DOL Withdraws Guidance Letters Leaving Employers to Pick up the Pieces

On June 7, 2017, the U.S. Secretary of Labor Alexander Acosta announced the withdrawal of the U.S. Department of Labor’s (“DOL”) guidance on independent contractors and joint employment issued during the Obama administration, without issuing replacement guidance. Although the DOL offered no explanation for its decision, the move signaled that, under the Trump administration, the DOL may take a more employer-friendly approach when investigating these issues. At the moment this is simply an expectation and will not serve as a defense before the DOL or in litigation. So how do employers protect themselves? Unfortunately, there is no foolproof answer. The best defense is knowledge. Employers should understand the DOL’s position in the withdrawn guidance, the DOL’s position pre-guidance (likely the DOL’s current position) and how the absence of the guidance may impact judicial decisions.

In July 2015, employers began scrambling to ensure they were properly classifying workers when the DOL issued guidance, declaring that “most workers are employees under the FLSA [Fair Labor Standards Act],” rather than independent contractors. In line with this position, the DOL set forth a multi-factor “economic realities” test with a focus on whether a worker was economically dependent on the employer or was in business for himself or herself. The DOL issued additional guidance in January 2016 explaining its broad interpretation of joint employment. According to the DOL, joint employer liability did not require “direct control.” The DOL explained that “indirect control” was sufficient because “[t]he concept of joint employment, like employment generally, should be defined expansively under the FLSA.”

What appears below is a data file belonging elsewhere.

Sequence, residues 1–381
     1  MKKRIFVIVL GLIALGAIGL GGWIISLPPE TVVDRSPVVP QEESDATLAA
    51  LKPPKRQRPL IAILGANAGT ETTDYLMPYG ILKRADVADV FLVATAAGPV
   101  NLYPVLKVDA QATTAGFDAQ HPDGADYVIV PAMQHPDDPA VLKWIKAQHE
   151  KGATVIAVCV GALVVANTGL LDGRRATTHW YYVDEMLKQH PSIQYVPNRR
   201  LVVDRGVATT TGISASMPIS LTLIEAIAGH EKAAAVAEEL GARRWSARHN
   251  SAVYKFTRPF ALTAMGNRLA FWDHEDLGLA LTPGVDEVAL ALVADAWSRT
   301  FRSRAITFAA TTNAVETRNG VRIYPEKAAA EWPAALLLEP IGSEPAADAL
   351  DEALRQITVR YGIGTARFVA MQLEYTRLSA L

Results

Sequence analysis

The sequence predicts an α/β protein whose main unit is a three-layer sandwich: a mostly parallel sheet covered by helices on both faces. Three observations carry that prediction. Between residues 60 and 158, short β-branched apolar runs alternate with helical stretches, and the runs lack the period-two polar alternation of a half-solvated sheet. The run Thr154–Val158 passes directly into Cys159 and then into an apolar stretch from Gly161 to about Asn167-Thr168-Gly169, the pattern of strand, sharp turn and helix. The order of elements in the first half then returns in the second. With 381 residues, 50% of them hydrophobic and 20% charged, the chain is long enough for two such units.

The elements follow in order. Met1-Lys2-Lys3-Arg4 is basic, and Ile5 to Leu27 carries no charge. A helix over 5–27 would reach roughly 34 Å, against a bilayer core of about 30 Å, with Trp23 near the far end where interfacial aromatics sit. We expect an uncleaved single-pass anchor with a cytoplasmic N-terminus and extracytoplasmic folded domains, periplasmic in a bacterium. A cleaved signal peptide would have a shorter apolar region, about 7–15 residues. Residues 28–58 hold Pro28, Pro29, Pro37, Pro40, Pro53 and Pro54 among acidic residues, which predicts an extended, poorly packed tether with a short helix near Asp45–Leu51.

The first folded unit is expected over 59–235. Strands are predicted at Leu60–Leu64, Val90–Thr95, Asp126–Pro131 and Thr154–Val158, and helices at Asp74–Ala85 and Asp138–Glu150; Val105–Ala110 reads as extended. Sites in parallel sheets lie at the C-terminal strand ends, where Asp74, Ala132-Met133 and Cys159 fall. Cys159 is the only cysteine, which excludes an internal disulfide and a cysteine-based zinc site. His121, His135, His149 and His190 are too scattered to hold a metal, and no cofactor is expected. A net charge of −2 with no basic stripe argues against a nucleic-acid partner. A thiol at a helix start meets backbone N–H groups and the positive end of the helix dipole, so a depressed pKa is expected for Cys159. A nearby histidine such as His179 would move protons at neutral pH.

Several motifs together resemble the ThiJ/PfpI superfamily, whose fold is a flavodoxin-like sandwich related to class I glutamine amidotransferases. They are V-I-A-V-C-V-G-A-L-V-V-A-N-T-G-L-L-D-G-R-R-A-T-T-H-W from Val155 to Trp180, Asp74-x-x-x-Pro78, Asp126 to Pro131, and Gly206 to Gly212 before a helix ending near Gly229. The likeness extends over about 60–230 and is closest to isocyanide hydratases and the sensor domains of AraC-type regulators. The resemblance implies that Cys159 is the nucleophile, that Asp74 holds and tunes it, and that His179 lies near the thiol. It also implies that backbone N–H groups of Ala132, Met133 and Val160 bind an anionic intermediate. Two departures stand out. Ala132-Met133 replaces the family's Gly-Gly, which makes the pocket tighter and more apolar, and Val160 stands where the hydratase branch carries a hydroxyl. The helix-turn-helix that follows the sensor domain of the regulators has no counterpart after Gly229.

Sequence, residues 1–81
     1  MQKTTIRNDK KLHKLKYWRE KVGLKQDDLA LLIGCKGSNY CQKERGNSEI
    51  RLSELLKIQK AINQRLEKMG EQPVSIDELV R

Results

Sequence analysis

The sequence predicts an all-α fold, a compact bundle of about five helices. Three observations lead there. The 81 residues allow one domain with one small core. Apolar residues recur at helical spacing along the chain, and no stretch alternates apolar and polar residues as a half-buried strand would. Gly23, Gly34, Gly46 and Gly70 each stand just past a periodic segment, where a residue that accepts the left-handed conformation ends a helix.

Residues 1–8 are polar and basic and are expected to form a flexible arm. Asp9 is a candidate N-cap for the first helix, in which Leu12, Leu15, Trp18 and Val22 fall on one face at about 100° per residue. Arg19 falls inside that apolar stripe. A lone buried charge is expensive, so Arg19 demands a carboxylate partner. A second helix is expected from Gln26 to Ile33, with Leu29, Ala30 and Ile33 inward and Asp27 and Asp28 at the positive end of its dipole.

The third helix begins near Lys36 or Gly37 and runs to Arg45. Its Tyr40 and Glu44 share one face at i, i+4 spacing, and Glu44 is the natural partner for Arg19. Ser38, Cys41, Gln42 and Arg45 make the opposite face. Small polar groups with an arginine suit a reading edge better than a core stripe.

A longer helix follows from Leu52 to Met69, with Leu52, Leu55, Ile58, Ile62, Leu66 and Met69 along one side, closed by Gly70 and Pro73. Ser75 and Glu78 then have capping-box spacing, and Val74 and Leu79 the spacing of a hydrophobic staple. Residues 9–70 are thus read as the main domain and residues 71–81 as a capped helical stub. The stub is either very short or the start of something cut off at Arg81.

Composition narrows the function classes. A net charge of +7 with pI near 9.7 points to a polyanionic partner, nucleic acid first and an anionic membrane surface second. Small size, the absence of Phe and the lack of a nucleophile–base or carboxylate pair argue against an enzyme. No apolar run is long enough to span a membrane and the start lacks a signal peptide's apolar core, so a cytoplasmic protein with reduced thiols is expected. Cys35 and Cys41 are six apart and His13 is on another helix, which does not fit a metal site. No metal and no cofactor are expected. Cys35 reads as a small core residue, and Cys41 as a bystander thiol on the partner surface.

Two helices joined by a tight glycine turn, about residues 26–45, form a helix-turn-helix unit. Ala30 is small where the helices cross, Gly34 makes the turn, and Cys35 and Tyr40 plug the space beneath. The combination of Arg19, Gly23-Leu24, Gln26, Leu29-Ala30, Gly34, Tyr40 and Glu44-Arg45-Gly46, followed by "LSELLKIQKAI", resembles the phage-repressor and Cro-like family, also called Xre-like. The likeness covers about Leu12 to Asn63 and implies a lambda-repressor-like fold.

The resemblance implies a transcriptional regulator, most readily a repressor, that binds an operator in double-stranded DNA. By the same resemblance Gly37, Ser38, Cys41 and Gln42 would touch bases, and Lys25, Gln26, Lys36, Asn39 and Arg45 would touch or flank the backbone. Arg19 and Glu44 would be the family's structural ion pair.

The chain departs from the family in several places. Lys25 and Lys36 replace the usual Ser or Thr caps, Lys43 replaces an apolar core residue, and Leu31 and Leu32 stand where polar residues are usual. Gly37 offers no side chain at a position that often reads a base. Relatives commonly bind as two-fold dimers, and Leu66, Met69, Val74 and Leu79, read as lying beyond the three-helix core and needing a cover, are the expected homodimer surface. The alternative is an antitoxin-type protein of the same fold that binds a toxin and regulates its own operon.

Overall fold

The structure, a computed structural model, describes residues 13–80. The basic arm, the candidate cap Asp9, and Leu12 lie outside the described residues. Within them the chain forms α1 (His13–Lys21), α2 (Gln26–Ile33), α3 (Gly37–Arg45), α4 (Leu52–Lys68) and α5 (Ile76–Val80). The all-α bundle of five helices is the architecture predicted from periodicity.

While these guidance letters were not binding, they provided a strong indication of how the DOL would interpret the FLSA in enforcement actions. Furthermore, courts often rely on the DOL’s interpretation to resolve these issues, especially since the FLSA does not set forth welldefined tests for determining when employers can classify a worker as an independent contractor versus an employee or when a joint employment relationship exists.

Absent replacement guidance, the DOL and courts are expected to revert to the preguidance tests. The independent contractor test will no longer start with the presumption that all workers are employees. Pre-guidance, the “economic realities” test for determining whether a worker is an employee or independent contractor focused on a business’s control over the worker, rather than the worker’s economical dependence on the business. Generally, this pre-guidance test includes some combination of the following factors:

  • The degree of the employer’s right to control the manner in which work is performed;
  • The degree of skill required to perform the work;
  • The worker’s opportunity for profit or loss;
  • The duration of the working relationship;
  • The worker’s opportunity for profit or loss; and
  • The extent to which the work is an integral part of the business.